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Social media is being used to encourage and facilitate the sharing of breast milk between mothers who wish to donate and those who are unable to breastfeed.
The group, Human Milk 4 Human Babies, has created communities in more than 50 countries, including within Australia.
The milksharing network describes itself as a “virtual village, comprising thousands of people from over fifty countries.”
“We use social media as a platform for local families to make real-life connections and come together as sustainable milksharing communities where women graciously share their breastmilk,” the group’s website states.
“HM4HB is built on the principle of informed choice: we trust, honour, and value the autonomy of families and we assert they are capable of weighing the benefits and risks of milksharing in order to make choices that are best for them.”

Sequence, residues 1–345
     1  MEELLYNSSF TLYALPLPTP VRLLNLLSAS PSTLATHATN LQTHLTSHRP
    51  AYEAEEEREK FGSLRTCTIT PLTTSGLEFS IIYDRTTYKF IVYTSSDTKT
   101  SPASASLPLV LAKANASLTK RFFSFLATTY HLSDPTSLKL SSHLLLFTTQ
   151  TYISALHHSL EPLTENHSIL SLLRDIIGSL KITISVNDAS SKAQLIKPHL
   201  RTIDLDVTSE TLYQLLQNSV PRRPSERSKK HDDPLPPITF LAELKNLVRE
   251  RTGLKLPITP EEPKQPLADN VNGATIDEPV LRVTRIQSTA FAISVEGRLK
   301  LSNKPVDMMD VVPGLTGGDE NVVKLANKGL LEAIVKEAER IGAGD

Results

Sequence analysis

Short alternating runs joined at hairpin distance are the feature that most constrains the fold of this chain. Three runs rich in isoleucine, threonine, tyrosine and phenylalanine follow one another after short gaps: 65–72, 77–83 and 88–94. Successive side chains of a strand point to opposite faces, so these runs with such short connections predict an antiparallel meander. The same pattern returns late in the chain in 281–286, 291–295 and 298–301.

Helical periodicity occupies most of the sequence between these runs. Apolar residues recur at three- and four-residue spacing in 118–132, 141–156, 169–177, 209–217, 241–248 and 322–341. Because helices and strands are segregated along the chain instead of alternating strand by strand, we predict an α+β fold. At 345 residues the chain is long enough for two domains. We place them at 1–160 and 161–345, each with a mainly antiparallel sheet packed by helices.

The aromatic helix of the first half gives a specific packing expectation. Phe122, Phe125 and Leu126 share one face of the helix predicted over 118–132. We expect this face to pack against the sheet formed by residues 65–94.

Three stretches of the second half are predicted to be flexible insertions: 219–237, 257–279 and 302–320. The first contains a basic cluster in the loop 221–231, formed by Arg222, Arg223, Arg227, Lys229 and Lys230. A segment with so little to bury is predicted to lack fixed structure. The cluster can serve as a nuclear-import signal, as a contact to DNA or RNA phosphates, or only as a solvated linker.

However, the practice of informally sharing milk has sparked warnings from health experts who advise against feeding babies breastmilk other than your own unless it has been properly screened.
In an interview with Nine News, Dr Ben Hartmann, who runs a milk bank at the King Edward Memorial Hospital for pre-term babies, described the informal sharing through social media as an uncontrolled process.